Beginning as a critique of what I eventually called the 'equity deficit' (Agyeman 2005, 44) that still pervades most 'green' and 'environmental' sustainability theory, rhetoric, and practice, the just sustainabilities concept began to take shape in the early 2000s, when I, Bob Bullard, and Bob Evans wrote:
Sustainability cannot be simply a 'green', or 'environmental' concern, important though 'environmental' aspects of sustainability are. A truly sustainable society is one where wider questions of social needs and welfare, and economic opportunity are integrally related to environmental limits imposed by supporting ecosystems. (Agyeman et al. 2002, 78)
Integrating social needs and welfare, we argued, offers us a more 'just,' rounded, and equity-focused definition of sustainability and sustainable development, while not negating the very real environmental threats. A 'just' sustainability, we argued, is therefore:
The need to ensure a better quality of life for all, now and into the future, in a just and equitable manner, whilst living within the limits of supporting ecosystems. (Agyeman et al. 2003, 5)
While defining 'just sustainability,' we used the term 'just sustainabilities' because we acknowledged that the singular form suggests that there is one prescription for sustainability that can be universalized. The plural, however, acknowledges the relative, culturally and place-bound nature of the concept. For instance, a piece in the New York Times (9 October 2011), 'When the uprooted put down roots,' highlighted the growth across the US of 'refugee agriculture' among, for example, Somalis, Cambodians, Liberians, Congolese, Bhutanese, and Burundians. This story gave me pause to think about the potential of new agricultures to help us reimagine what constitutes 'local foods.' Is it, for example, what our increasingly diverse populations want to grow and buy locally as culturally appropriate foods, or is it what should be grown locally according to the predominantly ecologically focused local food movement? A just sustainabilities approach would suggest the former.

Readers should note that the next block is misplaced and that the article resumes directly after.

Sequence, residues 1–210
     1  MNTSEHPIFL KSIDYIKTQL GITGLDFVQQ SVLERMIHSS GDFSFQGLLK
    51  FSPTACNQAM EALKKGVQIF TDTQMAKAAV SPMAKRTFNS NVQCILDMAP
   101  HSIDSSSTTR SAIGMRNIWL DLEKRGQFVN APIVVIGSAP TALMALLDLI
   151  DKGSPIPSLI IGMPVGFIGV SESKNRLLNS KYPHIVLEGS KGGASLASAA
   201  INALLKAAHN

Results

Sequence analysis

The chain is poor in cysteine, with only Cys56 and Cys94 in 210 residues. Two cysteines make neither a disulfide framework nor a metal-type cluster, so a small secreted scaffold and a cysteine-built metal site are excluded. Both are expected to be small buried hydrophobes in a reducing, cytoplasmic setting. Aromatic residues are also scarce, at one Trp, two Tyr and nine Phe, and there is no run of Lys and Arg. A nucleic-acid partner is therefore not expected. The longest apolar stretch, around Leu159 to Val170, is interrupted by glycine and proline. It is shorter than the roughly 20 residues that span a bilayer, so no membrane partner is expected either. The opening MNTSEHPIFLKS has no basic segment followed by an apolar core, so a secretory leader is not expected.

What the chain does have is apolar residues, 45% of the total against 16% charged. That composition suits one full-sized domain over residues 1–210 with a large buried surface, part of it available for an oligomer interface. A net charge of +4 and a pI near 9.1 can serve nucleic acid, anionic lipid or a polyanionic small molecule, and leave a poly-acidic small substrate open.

Similarly, the environmental movement with its dominant 'green' or environmental sustainability discourse does not include strategies for dealing with current or intragenerational inequalities and injustice issues within its analysis or theory of change. While researching a BBC TV program in the early 1990s, I asked a Greenpeace UK staffer if she felt that her organization's employees reflected the diversity of multicultural Britain. She replied calmly: 'Equality? That's not an issue for us. We're here to save the world.' I can understand what she means. She thinks, as do a lot of environmental organizations, that as her organization is saving the world, the environment, for everyone, an inherently equitable act, there's no need to look at, for instance, who's at the Greenpeace table in terms of the workforce, the board of directors, and, in short, who's setting the agenda.